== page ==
Steps Leaders Can Take to Overcome Their Ego-Driven Tendencies

1. Practice humility

Recognize that you are not the sole source of success and acknowledge the contributions of others. Take time to reflect on your own limitations and be open to feedback and suggestions from your team.

2. Empower your team

Trust your team members to make decisions and take ownership of their work. Delegate tasks and responsibilities, allowing others to contribute and grow. This will foster a sense of autonomy and ownership among team members.

3. Seek diverse perspectives

Actively seek out different perspectives and opinions, and listen to feedback from your team. Create an environment where everyone feels comfortable sharing their ideas and concerns.

4. Focus on the bigger picture

Shift your focus away from personal gain and prioritize the needs of the team and organization. Make decisions based on what will benefit the team as a whole, rather than just yourself.

By addressing ego-driven behavior and prioritizing the needs of the team, leaders can create a more positive and productive work environment. This will ultimately lead to better outcomes for both the team and the organization as a whole.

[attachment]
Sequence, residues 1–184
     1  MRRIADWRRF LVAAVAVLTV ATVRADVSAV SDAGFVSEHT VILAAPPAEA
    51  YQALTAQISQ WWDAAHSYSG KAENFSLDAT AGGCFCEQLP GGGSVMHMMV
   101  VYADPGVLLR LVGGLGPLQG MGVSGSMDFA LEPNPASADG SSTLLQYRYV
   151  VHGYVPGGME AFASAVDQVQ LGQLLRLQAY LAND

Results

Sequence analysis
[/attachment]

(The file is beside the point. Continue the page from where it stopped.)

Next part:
Trait 4: Dishonesty: the Downfall of Many Leaders

One of the most detrimental traits of bad leadership is dishonesty. When leaders lack integrity and engage in deceitful behavior, it can have serious consequences for both employees and the organization as a whole.

Dishonest leaders put their own interests above the needs of the team and the organization. They may lie, cheat, or manipulate information to achieve their own personal gain. This behavior not only erodes trust within the team but also undermines the overall credibility and reputation of the leader.

When leaders lack integrity, it creates a toxic work environment where employees feel undervalued and exploited. They become demoralized and disengaged, leading to decreased productivity and an increase in turnover. Employees want to work for leaders who are honest, transparent, and trustworthy.